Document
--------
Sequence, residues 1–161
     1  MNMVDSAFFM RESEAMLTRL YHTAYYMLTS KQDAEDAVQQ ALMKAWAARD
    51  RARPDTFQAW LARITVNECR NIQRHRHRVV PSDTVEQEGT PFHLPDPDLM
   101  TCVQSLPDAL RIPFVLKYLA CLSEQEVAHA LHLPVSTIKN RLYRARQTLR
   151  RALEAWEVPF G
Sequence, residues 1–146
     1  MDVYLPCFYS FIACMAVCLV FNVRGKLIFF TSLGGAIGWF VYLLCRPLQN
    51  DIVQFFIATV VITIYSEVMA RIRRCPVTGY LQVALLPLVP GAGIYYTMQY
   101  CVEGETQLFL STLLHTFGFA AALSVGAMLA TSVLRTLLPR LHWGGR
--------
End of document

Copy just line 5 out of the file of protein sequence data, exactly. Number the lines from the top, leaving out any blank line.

   151  RALEAWEVPF G